Call for Papers

Abstract submissions are invited on the theme of the Symposium. To submit an abstract, email a 500 word abstract by July 31st to:

Check out the CFP on PhilEvents.


  • June 1st: Launch of the Call for Papers
  • June 27th: Registration opens.
  • July 15th 31st: Abstract submission deadline
  • August 5th: Notification of acceptance.
  • September 11 14th: Registration closes.

What exactly is ‘philosophising in Mary’, or what could or should it be? Doesn’t this run the risk of making philosophy subordinate to (catholic) theological presuppositions? What could philosophy learn from theology, especially Mariology, about the role and function of philosophy? How is philosophy’s autonomy guaranteed or even enhanced by taking the Sedes Sapientiae as its exemplar? Are there specific problems posed by modern philosophy (Descartes, Hume, Kant, Hegel, Nietzsche, …) that a Marian turn in philosophy could resolve?

What if Mary, and only Mary, is Descartes’s epistemic subject without presuppositions, pride and prejudice, in virtue of her humility? What if she experienced God as asked for by Hume’s empiricism and derived an ‘ought’ from the ‘is’ of the countenance of the divine babe in her arms? What if she encountered God ‘within the bounds of a mere creature’ as implicitly asked for by Kant? What if she did not merely interpret the world differently like all other philosophers, but radically changed it as called for by Marx? What if she as a woman and because she is a woman was able to do a philosophical feat greater than which none can be conceived, by bringing forth the ground of creation within creation – not a Grand Unified Theory on paper but the one Word in human flesh? What if her bodily integrity and free Fiat was and remains the ultimate bulwark against any form of colonialism or heteronomy because the annunciation and incarnation provide the perfect model for a free interpersonal dialectics?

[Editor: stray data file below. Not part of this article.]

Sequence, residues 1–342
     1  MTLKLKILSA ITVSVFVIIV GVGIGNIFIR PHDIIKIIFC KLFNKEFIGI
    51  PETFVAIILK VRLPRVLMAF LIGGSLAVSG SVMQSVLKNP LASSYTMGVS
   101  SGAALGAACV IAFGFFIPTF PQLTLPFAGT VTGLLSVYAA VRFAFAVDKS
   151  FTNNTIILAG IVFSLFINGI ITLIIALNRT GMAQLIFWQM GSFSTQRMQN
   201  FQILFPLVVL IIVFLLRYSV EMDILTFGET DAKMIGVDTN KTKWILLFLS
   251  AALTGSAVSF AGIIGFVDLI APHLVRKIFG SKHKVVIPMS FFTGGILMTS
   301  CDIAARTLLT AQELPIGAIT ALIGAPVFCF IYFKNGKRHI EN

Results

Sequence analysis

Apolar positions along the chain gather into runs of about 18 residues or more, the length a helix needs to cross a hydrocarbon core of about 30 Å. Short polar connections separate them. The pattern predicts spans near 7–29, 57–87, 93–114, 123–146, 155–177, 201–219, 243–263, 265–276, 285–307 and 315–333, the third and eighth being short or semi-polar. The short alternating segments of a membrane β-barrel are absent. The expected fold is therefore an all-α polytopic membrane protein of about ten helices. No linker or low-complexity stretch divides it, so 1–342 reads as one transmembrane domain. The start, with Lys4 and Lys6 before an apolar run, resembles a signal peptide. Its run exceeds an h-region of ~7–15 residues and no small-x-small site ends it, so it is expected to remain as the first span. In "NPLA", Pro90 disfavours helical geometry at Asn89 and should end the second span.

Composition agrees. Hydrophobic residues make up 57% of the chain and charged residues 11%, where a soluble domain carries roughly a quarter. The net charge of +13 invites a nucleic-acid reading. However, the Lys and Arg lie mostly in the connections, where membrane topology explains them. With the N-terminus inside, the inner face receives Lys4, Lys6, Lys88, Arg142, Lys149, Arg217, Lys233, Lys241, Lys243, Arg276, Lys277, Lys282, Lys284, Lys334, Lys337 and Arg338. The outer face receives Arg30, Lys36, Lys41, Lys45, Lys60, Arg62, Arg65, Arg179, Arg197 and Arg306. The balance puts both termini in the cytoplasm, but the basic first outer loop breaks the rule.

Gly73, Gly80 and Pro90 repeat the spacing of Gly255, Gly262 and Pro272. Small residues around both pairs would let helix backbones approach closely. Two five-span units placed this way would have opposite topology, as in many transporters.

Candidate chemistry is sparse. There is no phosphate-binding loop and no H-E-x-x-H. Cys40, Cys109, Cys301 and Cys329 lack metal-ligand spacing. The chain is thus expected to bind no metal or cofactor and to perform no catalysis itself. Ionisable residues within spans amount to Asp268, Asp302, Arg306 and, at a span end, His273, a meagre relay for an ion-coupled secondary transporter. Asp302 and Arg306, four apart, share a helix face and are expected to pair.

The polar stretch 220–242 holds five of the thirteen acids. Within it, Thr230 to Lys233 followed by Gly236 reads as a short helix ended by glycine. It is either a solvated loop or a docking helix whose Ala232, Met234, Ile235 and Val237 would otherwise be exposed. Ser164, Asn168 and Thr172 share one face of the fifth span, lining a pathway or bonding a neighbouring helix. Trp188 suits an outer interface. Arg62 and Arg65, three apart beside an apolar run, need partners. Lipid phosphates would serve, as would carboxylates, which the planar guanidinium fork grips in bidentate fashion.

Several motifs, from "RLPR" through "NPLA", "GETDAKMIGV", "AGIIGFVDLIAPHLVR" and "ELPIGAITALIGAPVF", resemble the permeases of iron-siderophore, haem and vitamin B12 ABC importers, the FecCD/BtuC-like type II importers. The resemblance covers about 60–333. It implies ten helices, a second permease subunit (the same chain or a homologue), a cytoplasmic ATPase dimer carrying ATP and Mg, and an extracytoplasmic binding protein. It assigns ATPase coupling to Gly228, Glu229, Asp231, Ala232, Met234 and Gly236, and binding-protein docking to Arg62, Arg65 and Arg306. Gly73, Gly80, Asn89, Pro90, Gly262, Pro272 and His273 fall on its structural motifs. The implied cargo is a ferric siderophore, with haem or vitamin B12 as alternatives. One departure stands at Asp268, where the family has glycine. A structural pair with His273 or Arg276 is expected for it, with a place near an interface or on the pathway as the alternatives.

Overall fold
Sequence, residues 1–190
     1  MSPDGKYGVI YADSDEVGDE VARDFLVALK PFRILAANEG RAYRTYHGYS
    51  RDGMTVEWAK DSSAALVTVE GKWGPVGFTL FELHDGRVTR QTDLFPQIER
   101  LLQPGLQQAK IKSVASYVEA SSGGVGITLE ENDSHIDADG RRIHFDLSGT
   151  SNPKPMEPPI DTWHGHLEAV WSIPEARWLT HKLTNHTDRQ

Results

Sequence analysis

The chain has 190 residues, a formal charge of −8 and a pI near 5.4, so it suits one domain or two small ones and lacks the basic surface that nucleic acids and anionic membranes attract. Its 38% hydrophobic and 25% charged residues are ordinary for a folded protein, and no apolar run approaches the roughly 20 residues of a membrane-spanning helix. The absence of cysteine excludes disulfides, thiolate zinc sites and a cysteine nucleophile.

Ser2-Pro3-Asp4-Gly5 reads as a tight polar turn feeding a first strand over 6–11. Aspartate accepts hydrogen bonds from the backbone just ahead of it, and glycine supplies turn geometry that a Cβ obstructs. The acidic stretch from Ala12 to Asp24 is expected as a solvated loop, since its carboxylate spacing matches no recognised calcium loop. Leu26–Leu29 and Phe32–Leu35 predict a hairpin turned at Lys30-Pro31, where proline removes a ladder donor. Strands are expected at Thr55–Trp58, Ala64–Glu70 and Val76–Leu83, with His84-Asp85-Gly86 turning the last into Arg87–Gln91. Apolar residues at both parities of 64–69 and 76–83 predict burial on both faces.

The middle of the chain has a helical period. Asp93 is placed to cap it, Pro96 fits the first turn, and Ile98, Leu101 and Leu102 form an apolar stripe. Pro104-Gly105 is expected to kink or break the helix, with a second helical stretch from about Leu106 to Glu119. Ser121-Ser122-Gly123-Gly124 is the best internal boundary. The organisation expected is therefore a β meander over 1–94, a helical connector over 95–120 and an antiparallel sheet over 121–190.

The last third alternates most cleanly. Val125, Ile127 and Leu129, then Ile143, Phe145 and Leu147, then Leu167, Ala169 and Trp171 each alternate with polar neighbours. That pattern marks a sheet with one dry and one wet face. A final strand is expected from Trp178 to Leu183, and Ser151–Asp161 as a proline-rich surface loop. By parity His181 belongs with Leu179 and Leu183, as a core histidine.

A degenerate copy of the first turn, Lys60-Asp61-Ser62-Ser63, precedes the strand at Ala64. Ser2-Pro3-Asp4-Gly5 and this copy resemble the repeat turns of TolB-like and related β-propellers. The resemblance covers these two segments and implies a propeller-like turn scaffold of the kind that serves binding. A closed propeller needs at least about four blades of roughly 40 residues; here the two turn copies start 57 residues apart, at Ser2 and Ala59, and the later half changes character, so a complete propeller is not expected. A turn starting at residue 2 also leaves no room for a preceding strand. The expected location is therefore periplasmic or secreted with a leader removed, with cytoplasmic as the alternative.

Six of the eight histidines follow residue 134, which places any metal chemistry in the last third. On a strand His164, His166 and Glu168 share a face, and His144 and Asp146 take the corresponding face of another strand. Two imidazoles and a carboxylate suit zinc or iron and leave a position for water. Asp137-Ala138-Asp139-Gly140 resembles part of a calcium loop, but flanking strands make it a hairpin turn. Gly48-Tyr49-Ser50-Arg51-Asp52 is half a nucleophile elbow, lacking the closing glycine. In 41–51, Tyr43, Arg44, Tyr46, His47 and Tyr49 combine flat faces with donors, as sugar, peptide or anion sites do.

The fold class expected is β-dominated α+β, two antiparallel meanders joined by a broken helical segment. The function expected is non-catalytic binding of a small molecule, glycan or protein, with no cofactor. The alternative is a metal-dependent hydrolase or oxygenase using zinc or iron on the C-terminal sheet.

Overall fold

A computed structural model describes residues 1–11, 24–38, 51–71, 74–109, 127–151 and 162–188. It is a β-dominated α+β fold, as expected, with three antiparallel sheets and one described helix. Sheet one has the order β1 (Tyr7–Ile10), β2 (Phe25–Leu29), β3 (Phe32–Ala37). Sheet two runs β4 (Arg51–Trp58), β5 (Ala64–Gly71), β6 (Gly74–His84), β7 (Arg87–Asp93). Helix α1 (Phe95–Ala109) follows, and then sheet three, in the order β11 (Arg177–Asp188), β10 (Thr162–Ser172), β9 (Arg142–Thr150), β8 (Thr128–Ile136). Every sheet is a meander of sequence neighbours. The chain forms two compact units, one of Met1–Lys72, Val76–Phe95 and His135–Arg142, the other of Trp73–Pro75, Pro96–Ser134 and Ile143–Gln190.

Other topics may include, but are not limited to:

  • Concrete philosophical examples and applications of ‘philosophising in Mary’.
  • Theological approaches to Mary as the figure of created wisdom.
  • Historical approaches to the role of the Sedes Sapientiae.
  • Historical approaches to philosophy as a feminine figure.
  • Contemporary approaches from feminist philosophy and theology.
  • Comparisons and tensions between philosophy as the Sedes Sapientiae and the Ancilla Theologiae.